Echeveria agavoides 'Aquamarine'
Accepted Scientific Name
Echeveria agavoides 'Aquamarine' is a clone of Echeveria agavoides 'Corderoyi' produced in the laboratory using the tissue culture process. It is a small succulent that forms a stemless, usually solitary rosette of fat leaves. The rosette grows up to 5 inches (12.5 cm) tall and up to 8 inches (20 cm) in diameter. Leaves are triangular, icy emerald-green, with reddish edges and a terminal spine. Flowers are pinkish-red with petals tipped with dark yellow, and appear on slender, up to 20 inches (50 cm) long stalk in summer.
USDA hardiness zones 9b to 11b: from 25 °F (−3.9 °C) to 50 °F (+10 °C).
How to Grow and Care
Most common Echeveria species are not complicated succulents to grow, provided you follow a few basic rules. First, be careful never to let water sit in the rosette as it can cause rot or fungal diseases that will kill the plant. Additionally, remove dead leaves from the bottom of the plant as it grows. These dead leaves provide a haven for pests, and Echeverias are susceptible to mealy bugs. As with all succulents, careful watering habits and plenty of light will help ensure success.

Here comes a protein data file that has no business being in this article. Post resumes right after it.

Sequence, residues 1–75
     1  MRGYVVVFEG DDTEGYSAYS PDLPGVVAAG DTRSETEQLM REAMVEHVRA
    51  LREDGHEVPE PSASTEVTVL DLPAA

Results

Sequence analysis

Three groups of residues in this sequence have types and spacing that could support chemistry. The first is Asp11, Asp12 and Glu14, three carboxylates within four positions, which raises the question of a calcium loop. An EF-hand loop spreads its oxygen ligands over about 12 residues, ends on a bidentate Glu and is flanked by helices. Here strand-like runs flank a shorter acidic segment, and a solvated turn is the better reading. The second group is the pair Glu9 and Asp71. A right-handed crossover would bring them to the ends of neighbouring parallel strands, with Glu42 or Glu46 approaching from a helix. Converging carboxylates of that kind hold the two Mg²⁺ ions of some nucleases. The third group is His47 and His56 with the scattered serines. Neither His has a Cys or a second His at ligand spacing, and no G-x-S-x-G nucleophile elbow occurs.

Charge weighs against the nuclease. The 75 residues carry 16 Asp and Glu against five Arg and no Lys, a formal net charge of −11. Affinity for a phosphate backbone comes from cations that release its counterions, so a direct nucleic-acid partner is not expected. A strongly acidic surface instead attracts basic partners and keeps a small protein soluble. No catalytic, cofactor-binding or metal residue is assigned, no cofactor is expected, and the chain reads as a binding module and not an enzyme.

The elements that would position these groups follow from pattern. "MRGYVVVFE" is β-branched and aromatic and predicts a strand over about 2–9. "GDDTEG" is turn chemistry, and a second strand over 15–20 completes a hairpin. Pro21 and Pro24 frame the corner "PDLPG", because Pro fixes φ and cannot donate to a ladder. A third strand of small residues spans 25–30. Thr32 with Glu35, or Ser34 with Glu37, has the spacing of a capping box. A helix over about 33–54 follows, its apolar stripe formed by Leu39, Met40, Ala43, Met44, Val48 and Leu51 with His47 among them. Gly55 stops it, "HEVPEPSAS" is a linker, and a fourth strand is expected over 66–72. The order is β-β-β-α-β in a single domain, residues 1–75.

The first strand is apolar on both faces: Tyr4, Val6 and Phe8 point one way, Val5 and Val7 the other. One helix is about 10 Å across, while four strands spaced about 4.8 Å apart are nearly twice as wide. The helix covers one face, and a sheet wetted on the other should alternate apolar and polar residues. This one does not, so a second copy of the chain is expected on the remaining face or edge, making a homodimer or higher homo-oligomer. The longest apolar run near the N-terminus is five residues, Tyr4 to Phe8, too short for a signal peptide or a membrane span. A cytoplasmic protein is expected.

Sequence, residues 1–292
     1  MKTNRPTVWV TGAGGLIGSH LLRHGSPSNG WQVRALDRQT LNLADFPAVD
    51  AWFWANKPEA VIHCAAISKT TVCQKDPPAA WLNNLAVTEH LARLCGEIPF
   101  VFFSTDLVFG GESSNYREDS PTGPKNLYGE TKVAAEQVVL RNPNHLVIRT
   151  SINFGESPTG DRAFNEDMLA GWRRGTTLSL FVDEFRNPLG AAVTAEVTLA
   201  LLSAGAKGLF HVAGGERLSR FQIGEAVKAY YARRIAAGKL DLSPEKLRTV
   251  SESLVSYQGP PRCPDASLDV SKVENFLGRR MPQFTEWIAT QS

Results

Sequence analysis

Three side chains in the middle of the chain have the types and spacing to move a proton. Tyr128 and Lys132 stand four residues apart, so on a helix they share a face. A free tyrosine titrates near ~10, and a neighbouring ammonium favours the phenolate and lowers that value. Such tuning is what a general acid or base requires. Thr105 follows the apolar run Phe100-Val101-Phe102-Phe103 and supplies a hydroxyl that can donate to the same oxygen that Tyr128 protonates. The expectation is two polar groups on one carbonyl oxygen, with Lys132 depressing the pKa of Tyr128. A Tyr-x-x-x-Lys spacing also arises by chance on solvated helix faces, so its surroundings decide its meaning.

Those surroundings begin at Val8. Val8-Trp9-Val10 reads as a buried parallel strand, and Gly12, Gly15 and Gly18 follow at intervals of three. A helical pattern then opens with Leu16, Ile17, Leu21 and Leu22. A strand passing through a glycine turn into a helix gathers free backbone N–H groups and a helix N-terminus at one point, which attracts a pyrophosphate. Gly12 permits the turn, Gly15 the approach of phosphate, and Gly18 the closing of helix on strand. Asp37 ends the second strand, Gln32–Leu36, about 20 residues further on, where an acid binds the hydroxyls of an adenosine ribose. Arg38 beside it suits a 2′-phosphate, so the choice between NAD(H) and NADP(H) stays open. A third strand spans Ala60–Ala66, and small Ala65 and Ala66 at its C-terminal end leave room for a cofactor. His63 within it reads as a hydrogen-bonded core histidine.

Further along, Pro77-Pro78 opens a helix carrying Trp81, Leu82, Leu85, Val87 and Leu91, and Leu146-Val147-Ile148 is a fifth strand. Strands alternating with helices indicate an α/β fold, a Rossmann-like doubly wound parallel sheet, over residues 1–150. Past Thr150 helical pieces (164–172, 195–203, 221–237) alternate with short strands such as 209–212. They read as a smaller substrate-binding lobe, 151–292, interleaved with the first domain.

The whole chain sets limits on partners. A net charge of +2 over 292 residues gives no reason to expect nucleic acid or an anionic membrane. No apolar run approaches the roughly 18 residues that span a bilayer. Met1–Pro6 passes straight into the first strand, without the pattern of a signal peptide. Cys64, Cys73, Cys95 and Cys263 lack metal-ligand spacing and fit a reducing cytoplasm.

Repot as needed, preferably during the warm season. To repot a succulent, make sure the soil is dry before repotting, then gently remove the pot. Knock away the old soil from the roots, making sure to remove any rotted or dead roots in the process. Treat any cuts with a fungicide.
Most Echeverias can be easily propagated from leaf cuttings, although a few are better from seeds or stem cuttings. To propagate a leaf cutting, place the individual leaf in potting soil for succulents and cover the dish until the new plant sprouts.
Learn more at How to Grow and Care for Echeveria.
Echeveria agavoides 'Aquamarine' is a clone of Echeveria agavoides 'Corderoyi'.
- Back to genus Echeveria
- Succulentopedia: Browse succulents by Scientific Name, Common Name, Genus, Family, USDA Hardiness Zone, Origin, or cacti by Genus
Subscribe now and be up to date with our latest news and updates.